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The Sativa/Indica Classification Has No Meaning, a Study Claims

Research suggests Sativas and Indicas can be genetically identical save for some small differences in aroma and taste
21 October 2021
2 min read
The Sativa/Indica Classification Has No Meaning, a Study Claims

When shopping for cannabis seeds, growers have come to rely, among other things, on the distinction between Sativa and Indica cultivars. However, a recent study by Canadian scientists questions the validity of this approach.

The team compared almost 300 cannabis samples and concluded that their exact chemical composition and their genetic makeup hardly related to the common Sativa or Indica designations used by growers. The same can be said of the names of the strains on the market — they hardly reflect either the origin of the genetics or their chemical profile.

The Same DNA with Minimal Variance

For their research, the authors took 297 cultivars whose cannabinoid and terpene content had been previously analyzed using mass spectrometry and gas chromatography. Then they extracted DNA of sufficient quality from 137 of those samples. Every sample was also labeled as either Sativa, Indica, or hybrid by its manufacturer.

The researchers found no correlation between the labels, the genomic data, and the chemical makeup of the samples. In other words, there were no significant differences between Sativas and Indicas. Likewise, samples labeled as one and the same strain, such as OG Kush, could be as far apart as any two randomly chosen strains with different names.

The Sativa/Indica Classification Has No Meaning, a Study Claims: A researcher wearing gloves and holding a cannabis palnt top

It's close to impossible to judge a strain by its name or its Indica/Sativa labeling.

New Classification Needed

Traditionally, growers and smokers use the names “Sativa” and “Indica” to differentiate between strains with distinct characteristics in terms of plant structure, growth patterns, the type of high, and the terpene profile. They believe that Sativas are taller cultivars with longer flowering times, while Indicas take less to mature and have a more compact structure.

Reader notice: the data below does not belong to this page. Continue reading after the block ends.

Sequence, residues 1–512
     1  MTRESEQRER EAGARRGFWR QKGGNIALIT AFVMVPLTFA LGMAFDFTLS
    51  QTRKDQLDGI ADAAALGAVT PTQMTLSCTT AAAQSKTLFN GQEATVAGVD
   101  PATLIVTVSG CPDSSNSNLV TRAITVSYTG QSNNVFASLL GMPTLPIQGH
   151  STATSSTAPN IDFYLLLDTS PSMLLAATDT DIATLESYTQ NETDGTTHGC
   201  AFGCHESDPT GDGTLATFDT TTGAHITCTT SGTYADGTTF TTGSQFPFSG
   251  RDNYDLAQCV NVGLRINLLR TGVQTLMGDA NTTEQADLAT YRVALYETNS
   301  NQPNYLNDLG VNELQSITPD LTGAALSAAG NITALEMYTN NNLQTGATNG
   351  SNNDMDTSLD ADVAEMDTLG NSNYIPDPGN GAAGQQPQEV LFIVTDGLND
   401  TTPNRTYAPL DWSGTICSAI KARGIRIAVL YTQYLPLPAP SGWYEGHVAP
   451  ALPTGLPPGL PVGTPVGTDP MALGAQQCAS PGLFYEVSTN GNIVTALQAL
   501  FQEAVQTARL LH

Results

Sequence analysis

The high produced by Sativa is believed to be more stimulating, and Indica “stone” more sedating. Specific aromas are also attributed to different genetics. For example, smokers associate the smell of earth with Indica phenotypes.

The new research suggests that the genome-wide difference is almost non-existent and the number of gene sites that really make a difference is extremely small. However, it’s these subtle differences that distinguish one strain from another. The cannabis plant is able to produce dozens of cannabinoids (which have mind-altering potential), as well as terpenes and flavonoids (which give the weed its unique smell and taste).

The Sativa/Indica Classification Has No Meaning, a Study Claims: A researcher inspecting a cannabis bud

The exact cannabinoid and terpene profile is the only way to get insight into the strain's effect.

Some evidence suggests that there is an interplay between these three types of molecules and their combined effect creates a unique type of high varying from strain to strain. This synergy has received the name of the entourage effect.

It would be of great use to recreational smokers if they could somehow deduce the character of the effect they may expect from strain’s label. It’s even more important for medical patients because it’s relevant to whether a particular strain will help with their condition. And the old Sativa/Indica classification simply fails to give any insight.

The authors suggest that a more reliable way is to study the detailed terpene profile of a product. Only this can give users an idea of what they are buying.


21 October 2021